Mapping with the iRobot Roomba

Brian Gerkey, SRI AI Center (gerkey [at] ai [dot] sri [dot] com)

31 March 2006

iRobot recently released an API for programming the Roomba vacuumming robot. It's a pretty reasonable little robot: motors, encoders, bumpers, a couple of IRs, good battery life, and, best of all, cheap.

Several interesting things have been done so far in the Roomba hacking community. I figured I would try building a map. Besides the obvious technical appeal of mapping with a cheap consumer-grade robot, there's an opportunity to improve the performance of the Roomba by allowing for more sophisticated cleaning strategies (not to mention giving the poor robot a better chance of finding its way back to the docking station).

This page describes my proof-of-concept of a mapping Roomba robot.

Contents:

Equipment

What I used:


Electronics assembly

We need 5V to power the Gumstix and the URG laser. I chose to slap on a 12V battery that was close at hand and run it through a 12V/5V DC/DC converter. You can instead draw battery voltage (nominal 14.4V, I believe) from the Mini-DIN port on the Roomba.

The serial interface to the Roomba operates at TTL level (0V/5V), not the RS232 level (-12V/+12V) used by serial ports on most computers. Fortunately, the waysmall STUART board allows us to tap into the serial lines at TTL level, before they go through the TTL/RS232 level shifter. I found a Mini-DIN cable in the lab, cut it in half, and soldered onto the send, receive, and ground solder pads of the STUART on the back of the waysmall board. I could then talk to the roomba over /dev/ttyS2. Check the specs on the waysmall board and the Roomba programming manual for the wiring details.

The serial connection to the URG laser operates at normal RS232 levels. So I plugged the cable that comes with the URG through a NULL modem adapter, a gender changer, and the DB9/Mini-DIN NULL modem cable that Gumstix sells into the FFUART port on the waysmall board (yes, there's an unnecessary straight-to-NULL-and-back-to-straight change going on there; I am not optimizing for cable length :). To use that port, I modified /etc/inittab to turn off the getty that normally runs, and gave init the old kill -HUP 1. Then I was able to control the laser over /dev/ttyS0.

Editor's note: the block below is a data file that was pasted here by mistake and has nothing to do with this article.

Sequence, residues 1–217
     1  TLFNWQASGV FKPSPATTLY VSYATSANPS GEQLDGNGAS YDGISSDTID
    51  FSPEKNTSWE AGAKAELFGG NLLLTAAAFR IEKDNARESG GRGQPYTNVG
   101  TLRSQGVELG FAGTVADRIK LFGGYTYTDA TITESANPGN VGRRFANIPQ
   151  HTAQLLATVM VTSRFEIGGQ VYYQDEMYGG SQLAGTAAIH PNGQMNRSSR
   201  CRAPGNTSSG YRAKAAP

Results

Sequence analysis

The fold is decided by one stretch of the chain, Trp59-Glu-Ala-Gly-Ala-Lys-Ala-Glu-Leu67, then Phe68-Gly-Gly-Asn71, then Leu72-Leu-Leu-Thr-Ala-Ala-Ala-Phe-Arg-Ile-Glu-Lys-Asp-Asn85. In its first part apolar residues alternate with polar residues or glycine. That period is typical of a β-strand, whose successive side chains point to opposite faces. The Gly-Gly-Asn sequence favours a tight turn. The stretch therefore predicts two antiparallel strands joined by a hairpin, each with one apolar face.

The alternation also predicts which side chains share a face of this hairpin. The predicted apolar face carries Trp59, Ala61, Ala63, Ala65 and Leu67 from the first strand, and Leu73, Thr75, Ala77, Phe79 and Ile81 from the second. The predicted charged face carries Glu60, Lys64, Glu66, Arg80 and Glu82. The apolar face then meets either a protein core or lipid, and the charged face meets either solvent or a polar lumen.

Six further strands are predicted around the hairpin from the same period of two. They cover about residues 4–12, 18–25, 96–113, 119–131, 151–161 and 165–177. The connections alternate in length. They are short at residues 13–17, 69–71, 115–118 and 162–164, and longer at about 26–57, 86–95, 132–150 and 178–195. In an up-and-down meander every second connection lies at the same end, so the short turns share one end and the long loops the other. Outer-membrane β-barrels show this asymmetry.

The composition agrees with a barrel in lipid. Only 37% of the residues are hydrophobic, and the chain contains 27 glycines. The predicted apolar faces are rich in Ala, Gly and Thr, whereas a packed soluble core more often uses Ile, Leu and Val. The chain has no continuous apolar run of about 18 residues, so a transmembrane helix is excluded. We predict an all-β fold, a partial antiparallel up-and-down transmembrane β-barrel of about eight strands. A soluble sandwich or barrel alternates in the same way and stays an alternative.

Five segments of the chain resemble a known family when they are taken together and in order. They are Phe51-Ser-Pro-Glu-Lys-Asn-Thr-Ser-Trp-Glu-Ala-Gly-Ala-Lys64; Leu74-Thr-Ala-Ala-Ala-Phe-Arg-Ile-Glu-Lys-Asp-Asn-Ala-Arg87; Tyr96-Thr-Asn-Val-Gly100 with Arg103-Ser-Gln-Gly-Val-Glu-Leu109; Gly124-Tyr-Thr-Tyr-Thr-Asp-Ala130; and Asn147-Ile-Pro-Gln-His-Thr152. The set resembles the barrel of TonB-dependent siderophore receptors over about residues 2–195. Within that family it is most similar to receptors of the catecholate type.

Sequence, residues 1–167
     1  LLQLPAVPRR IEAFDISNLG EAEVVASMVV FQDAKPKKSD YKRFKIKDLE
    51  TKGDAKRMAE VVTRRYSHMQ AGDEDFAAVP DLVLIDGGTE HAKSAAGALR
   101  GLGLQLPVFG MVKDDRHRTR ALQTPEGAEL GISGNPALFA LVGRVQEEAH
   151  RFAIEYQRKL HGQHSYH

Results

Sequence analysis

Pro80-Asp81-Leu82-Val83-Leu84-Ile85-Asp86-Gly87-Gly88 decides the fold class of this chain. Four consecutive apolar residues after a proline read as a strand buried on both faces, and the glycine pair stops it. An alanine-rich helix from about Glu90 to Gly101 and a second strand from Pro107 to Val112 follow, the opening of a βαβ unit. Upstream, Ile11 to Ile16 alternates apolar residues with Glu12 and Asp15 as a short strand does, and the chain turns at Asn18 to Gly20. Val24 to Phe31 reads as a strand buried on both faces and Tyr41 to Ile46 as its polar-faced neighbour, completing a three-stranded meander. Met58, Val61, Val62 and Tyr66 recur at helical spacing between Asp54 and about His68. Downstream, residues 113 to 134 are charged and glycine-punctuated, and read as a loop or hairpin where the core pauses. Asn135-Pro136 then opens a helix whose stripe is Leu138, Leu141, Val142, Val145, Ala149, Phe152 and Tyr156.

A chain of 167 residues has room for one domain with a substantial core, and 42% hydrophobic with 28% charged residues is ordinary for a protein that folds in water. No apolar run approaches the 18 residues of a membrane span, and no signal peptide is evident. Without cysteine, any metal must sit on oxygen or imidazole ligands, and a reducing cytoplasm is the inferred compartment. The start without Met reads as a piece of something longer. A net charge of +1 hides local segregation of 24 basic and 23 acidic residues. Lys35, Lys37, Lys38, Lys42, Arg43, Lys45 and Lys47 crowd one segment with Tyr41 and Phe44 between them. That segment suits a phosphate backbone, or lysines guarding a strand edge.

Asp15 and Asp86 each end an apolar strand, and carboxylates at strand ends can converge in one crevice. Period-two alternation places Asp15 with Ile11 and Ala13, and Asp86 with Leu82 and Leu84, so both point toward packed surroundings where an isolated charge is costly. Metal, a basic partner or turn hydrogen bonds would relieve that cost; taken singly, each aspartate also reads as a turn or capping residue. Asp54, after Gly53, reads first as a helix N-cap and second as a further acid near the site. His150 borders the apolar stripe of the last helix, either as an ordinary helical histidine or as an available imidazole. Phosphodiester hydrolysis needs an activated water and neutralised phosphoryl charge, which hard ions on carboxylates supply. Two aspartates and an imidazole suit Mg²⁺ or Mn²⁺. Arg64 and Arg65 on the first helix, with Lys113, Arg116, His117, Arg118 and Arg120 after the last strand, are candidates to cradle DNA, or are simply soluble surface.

Physical assembly

Basically, I just velcroed everything together. The battery sits upright roughly in the middle of the robot. The laser sits just in front and is velcroed to the robot and the battery (for extra stability :). The Gumstix is velcroed to the back of the battery, and the cables are zip-tied together.

Here's what my Roomba looks like (click for full-size):

No points for style, but it works.

Software configuration

I used Player to control the robot; as of 2.0.1, Player includes working drivers for the Roomba and the URG laser. I cross-compiled Player to run on the Gumstix, following this tutorial. I included the following drivers in my build of Player: My configuration file is here. It logs the robot's odometry and the laser scans to a file on the Gumstix.

Controlling the robot

I used playerv to control the robot. Because of the lag in the wireless network, I used playerv to provide position targets to vfh, which then did the velocity control locally on the robot, using the laser to avoid obstacles. This setup worked quite well.

Making a map

Mostly because I didn't want to spend much time on this project, I went on the assumption that the Gumstix is not powerful (in processing and/or memory) enough to do 2D SLAM (simultaneous localization and mapping) online. I don't know whether this is true. See the links below for an attempt at real-time SLAM with vision.

After taking a run down the hallway, I pulled the data log onto my desktop machine and ran it through a Player SLAM driver. I used an SRI proprietary SLAM system, but there are a number of Open Source SLAM systems available online that can read (possibly with some munging) Player log files.


Results

So far, I've done one experiment, an 8-meter run down the hallway oustide my office. Here's a plot comparing the path from the raw odometry with the corrected path produced by the SLAM system, along with the laser scans projected from the corrected path (click for a nicely-scalable PDF):

The odometry is pretty bad, but still informative enough for the SLAM system to determine the robot's real trajectory.

Here's the resulting occupancy grid:

When I get some more time, I'll do a longer run to test loop closure.


Summary

All things considered, the Roomba is a pretty nice robot. As this experiment shows, it's now possible to build a laser-equipped mapping robot for US $2,000-$3,000 (depending on how much you pay for your URG laser). For reference, the conventional SICK-equipped Pioneer will cost you 3-4 times as much. And if you don't need a laser, you can build a Gumstix-controlled Roomba for under US $500.

Links

Some related pages: